How to Set High-Pass and Low-Pass Frequency Filters in Car Audio [EXPLAINED]

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Car Audio High-Pass and Low-Pass Frequency Filters settings

70 to 80Hz is a general rule for a car stereo sub-low pass filter (LPF) setting. After you’ve set it, slowly fine-tune and listen to find the best sound. For high-pass frequency filters (HPF), manufacturers frequently include specifications indicating the best cutoff frequency to use. Often, it is explicitly stated as the preferred cutoff, while on other occasions, you’ll have to rely on frequency response info from a speaker.

Step-by-Step Instructions for Setting High-Pass Frequency Filters (HPF)

Here are the steps you need to follow to set high-pass frequency filters.

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Step 1: Refer to the Speaker Manufacturer’s Recommendations

Manufacturers frequently include specifications indicating the best cutoff frequency to use. Often, it is explicitly stated as the preferred cutoff, while on other occasions, you’ll have to rely on frequency response info from a speaker.

If neither is provided, the tables below can be used. The good news is that there is generally some information available to tell you the frequency response range of a speaker, which you can use to set the high-pass filter.

Step 2: Refer To Car Audio High Pass Crossover Frequency Table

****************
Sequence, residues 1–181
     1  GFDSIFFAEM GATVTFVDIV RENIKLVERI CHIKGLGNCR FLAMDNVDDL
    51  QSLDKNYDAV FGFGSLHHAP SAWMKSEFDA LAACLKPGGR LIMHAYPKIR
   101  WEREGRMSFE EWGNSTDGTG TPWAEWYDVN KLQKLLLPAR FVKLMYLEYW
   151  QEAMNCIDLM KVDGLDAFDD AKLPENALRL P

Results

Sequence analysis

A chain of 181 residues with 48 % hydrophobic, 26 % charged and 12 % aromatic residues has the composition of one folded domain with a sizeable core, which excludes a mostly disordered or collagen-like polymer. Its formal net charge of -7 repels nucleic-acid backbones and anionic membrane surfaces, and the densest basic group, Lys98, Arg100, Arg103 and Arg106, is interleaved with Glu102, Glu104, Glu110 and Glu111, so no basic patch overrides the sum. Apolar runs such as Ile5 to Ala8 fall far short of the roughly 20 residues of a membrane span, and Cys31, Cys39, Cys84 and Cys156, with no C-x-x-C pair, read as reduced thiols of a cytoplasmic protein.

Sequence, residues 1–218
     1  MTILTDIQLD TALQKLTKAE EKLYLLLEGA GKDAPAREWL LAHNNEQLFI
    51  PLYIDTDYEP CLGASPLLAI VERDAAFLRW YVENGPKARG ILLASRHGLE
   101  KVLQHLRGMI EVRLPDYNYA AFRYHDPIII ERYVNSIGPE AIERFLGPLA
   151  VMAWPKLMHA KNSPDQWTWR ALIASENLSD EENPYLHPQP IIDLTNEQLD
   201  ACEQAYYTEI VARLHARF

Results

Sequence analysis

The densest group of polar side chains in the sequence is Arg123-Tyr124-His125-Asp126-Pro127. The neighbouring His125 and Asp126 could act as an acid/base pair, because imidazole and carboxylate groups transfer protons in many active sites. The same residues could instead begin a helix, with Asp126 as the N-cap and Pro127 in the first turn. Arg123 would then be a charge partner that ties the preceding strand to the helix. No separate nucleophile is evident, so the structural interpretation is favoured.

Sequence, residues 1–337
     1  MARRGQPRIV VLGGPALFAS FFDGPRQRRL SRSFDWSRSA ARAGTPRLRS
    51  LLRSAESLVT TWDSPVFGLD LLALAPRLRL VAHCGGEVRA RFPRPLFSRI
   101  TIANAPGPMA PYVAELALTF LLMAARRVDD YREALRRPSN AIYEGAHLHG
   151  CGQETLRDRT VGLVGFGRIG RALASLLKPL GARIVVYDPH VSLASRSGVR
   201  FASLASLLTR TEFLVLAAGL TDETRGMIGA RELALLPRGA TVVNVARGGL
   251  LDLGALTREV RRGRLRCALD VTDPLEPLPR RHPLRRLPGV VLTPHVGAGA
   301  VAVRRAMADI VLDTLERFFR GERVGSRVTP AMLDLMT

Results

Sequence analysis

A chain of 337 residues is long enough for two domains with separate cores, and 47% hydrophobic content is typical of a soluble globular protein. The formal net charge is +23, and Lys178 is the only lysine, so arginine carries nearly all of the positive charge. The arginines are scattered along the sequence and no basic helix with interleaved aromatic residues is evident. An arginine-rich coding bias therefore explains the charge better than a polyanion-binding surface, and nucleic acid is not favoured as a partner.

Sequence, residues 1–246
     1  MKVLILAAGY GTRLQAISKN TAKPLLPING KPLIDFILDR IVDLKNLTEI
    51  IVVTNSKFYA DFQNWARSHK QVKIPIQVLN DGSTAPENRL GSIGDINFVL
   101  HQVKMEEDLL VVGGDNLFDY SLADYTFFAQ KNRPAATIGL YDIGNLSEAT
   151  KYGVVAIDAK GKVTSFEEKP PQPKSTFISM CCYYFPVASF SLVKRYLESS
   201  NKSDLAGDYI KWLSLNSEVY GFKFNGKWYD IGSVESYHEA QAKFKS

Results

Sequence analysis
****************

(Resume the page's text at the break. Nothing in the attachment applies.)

During bass-heavy music and particularly under high power, car audio systems are prone to poor sound, warping, and “bottoming out.” However, this can be avoided somewhat by using the recommendations in the car audio high pass crossover frequency table.

Speaker type/system Crossover frequency
Front or rear full-range coaxial or component speakers 56, 60, to 80 Hz high pass
Subwoofer subsonic filter 20-30Hz high pass.
Tweeters 3-3.5kHz high pass
3-way speaker systems 3.5kHz (mid/treble) & 500Hz (mid/woofer)
2-way speaker systems 3kHz to 3.5KHz to tweeters
Midrange or woofer speakers 250-500Hz high pass 

Step 3: Set the Crossover Slope for High-Pass Filter

The slope is the degree to which a crossover’s filtering capacity is steep. In other words, it measures how effective it is at preventing sound from passing through the crossover’s cutoff point.

Slopes are measured in decibels (dB) per octave, which is written as “dB/octave.”

In general, a -12dB slope is often the best option and works well with most sound systems. To block bass from reaching tweeters or small speakers, I suggest at least a 12dB slope, or preferably an 18dB slope if you have the option.

Step-by-Step Instructions for Setting Low-Pass Frequency Filters (LPF)

Here are the steps you need to follow to set low-pass frequency filters.

Step 1: Start by Setting Low-Pass Filter to 70 to 80Hz

70 to 80Hz is a general rule for a car stereo sub-low pass filter (LPF) setting. After you’ve set it, slowly fine-tune and listen to find the best sound.

Ideally, you should only hear pure, smooth bass from the subwoofer and no gaps in the audio signal when listening to music or watching a movie. If the level appears to be too low, you may need to enhance the gain on a powered subwoofer.

Step 2: Refer To Car Audio Low Pass Crossover Frequency Table

You can refer to the table below when looking to set low-pass frequency filters for different woofer types.

Woofer type Cutoff frequency
Powered or amp-driven subwoofers 70 to 80Hz
Woofers/midbass in a 2-way speaker Depending on the design and speakers, the frequency range can range from 1.5 to 3.5 kHz. 
Midbass woofers in a 3-way system 250Hz

Step 3: Set the Crossover Slope for Low-Pass Filter

In general, a -12dB crossover slope is often the best option and works well with most sound systems. A sub with a slope of 12dB or 18dB generally sounds great.

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